Review: The Meddler
By John Corrado
★★★½ (out of 4)
A master of finding intersecting lines between comedy and drama, writer-director Lorene Scafaria has crafted a touching and yet still often laugh out loud funny film in The Meddler, using feel good humour to sensitively explore the different ways people grieve.
This is the sort of film you can see with your mother, which I did during TIFF, and both walk away with a smile on your face, and I mean that in the absolute best possible way.
The meddler of the title is Marnie (Susan Sarandon), a constant do-gooder who has just moved to Los Angeles to be closer to her daughter Lori (Rose Byrne), who is trying to live her own life.
Armed with a brand new iPhone from the Apple Store conveniently located across the street from her new place, Marnie is in frequent contact with her daughter through countless and charmingly mundane phone messages, many of which go unanswered. This is Marnie’s way of grieving the death of her husband, but Lori is dealing with her grief in a different way, stressing herself out over the television pilot she is working on, and growing exasperated with her mother’s excessive attention.
This leaves Marnie to become overly involved in other people’s lives, even helping out many of Lori’s friends, using the wealth she has inherited to buy lavish gifts and also plan a young mother’s (Cecily Strong) wedding, among other things. But a chance encounter with a charming retired police officer (J.K. Simmons), after she becomes an accidental extra on a film set no less, might just allow Marnie to finally start letting herself work through the repressed emotional pain of her husband’s death.
Like in her equally excellent but severely underrated 2011 film Seeking a Friend for the End of the World, Lorene Scafaria stages some wildly funny situations here that feel completely grounded because of the tremendous amount of heart behind them. With a highly perceptive and very personal screenplay based on her own mother, The Meddler is equally memorable for its quiet dramatic moments and clear-eyed observations on grief and how people deal with the death of a loved one. The many story strands all come together beautifully, including a deeply moving subplot involving Marnie’s volunteer work at the hospital, where she befriends a lonely old lady (Jo Jordan).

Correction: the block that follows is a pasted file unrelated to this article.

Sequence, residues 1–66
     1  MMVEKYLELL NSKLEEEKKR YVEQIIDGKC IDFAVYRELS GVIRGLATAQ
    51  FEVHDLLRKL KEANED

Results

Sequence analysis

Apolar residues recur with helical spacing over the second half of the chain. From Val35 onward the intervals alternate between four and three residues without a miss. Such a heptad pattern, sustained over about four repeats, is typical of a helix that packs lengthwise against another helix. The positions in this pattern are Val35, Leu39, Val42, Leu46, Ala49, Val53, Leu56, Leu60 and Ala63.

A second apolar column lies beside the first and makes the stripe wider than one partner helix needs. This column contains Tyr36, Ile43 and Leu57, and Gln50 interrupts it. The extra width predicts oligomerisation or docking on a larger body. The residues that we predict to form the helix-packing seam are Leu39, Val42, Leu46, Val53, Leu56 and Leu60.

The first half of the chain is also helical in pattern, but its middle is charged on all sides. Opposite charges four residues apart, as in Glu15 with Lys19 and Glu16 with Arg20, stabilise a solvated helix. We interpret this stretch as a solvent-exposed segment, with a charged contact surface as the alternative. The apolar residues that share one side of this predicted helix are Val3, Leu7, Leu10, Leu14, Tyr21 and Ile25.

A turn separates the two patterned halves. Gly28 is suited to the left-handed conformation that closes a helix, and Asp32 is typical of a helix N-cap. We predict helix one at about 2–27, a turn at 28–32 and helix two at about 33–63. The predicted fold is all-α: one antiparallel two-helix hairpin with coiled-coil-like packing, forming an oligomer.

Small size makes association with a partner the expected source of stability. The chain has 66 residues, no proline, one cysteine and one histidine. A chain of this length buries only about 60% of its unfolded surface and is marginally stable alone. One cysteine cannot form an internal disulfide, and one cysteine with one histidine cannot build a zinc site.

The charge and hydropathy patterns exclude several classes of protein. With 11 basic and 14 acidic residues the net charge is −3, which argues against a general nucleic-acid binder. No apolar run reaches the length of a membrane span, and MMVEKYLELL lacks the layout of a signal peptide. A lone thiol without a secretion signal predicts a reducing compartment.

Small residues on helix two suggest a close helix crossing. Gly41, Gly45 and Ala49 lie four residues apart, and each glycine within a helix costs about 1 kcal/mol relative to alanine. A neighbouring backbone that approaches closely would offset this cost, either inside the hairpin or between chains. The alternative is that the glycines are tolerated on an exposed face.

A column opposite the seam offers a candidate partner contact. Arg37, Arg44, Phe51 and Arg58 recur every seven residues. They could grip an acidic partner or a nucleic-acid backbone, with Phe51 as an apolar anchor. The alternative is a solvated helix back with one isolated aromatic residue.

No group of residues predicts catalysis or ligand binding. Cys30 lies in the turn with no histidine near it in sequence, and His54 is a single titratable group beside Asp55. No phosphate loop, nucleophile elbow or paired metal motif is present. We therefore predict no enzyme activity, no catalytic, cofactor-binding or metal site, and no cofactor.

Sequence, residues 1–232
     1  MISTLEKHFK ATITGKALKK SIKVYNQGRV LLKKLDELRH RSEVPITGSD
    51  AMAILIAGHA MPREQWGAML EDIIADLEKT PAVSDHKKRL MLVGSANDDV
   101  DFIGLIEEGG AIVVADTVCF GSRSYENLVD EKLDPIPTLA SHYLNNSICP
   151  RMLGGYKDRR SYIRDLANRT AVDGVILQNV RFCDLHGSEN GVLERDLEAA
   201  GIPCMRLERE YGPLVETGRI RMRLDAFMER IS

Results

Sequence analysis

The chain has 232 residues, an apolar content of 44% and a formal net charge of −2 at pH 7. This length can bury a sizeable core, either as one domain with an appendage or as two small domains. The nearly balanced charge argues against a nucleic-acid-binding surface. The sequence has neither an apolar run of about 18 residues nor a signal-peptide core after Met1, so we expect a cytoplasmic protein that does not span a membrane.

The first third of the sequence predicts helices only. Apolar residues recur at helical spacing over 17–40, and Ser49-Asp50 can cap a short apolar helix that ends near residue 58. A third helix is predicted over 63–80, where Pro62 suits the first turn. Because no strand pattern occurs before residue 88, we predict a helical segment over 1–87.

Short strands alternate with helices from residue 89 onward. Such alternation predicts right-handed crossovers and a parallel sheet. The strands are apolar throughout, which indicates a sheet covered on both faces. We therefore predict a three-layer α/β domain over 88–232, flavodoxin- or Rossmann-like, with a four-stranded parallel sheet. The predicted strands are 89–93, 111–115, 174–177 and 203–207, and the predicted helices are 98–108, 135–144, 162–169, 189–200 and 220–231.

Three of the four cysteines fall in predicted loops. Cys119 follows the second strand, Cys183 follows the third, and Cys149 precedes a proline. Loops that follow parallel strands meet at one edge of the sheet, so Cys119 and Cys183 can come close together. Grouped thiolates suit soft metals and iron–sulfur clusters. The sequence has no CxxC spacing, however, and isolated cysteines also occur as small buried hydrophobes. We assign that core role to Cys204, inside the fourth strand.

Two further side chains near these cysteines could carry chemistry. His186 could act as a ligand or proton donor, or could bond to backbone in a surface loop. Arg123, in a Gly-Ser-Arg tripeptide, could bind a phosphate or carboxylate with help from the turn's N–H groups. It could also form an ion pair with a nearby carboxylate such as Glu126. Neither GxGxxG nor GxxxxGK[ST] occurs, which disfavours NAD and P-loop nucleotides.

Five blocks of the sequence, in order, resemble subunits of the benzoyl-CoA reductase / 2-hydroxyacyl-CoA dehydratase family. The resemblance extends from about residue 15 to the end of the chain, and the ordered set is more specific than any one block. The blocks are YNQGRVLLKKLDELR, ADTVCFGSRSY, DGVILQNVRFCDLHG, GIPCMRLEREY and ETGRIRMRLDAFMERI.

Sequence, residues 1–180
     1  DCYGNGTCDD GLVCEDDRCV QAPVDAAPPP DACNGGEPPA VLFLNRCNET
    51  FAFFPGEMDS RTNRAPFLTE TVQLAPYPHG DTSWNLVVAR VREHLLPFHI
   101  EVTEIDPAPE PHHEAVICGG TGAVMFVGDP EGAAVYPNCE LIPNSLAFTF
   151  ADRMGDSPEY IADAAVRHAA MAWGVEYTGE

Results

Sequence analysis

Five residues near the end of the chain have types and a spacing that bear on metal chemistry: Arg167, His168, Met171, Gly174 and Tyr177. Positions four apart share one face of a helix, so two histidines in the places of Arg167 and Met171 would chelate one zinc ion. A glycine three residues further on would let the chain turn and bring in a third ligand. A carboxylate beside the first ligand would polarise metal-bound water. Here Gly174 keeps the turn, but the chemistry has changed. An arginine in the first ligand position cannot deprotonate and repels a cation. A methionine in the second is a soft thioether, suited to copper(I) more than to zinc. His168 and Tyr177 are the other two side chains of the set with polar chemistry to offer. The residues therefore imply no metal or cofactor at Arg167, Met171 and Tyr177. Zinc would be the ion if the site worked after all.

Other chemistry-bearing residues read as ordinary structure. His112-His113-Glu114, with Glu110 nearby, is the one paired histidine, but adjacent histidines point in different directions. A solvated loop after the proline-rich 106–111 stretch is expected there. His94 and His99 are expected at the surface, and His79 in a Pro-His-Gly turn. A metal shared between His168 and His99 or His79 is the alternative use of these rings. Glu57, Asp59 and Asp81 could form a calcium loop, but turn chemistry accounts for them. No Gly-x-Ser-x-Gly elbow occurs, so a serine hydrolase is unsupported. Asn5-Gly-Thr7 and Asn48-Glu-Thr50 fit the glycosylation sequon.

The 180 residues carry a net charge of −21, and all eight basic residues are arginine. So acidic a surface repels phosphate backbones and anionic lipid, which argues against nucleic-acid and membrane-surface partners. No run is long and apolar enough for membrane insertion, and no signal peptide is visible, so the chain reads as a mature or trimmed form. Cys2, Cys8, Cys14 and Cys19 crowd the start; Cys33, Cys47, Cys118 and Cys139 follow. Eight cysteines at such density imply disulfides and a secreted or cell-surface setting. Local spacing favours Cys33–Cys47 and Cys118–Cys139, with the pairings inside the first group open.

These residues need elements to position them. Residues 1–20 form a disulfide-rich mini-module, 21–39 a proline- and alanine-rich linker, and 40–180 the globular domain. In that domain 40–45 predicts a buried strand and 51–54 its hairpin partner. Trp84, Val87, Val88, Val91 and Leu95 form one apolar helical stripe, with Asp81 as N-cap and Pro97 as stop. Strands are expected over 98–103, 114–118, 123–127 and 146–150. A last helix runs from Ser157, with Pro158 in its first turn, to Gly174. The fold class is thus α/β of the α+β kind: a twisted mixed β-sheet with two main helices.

The uniformly excellent cast does memorable work bringing these characters to life. The film provides a sparkling showcase for Susan Sarandon, who shines in a captivating and fully realized performance that reminds us just how wonderful she can be. It’s some of her best work. Rose Byrne has become one of our best comedic actors as of late, and here she reminds us that she is equally adept at delivering affecting dramatic work. J.K. Simmons is immensely charming here, showing off his impressive range on the complete opposite end of the spectrum from his Oscar-winning performance in Whiplash.
It can’t be understated just how much the success of The Meddler rests in the cumulative efforts of Lorene Scafaria and Susan Sarandon, who have pooled their talents together and work here in perfect unison to create something truly magical. This is one of those special films that manages to be genuinely hilarious one moment, and honestly moving the next. And see it with your mother, if you can.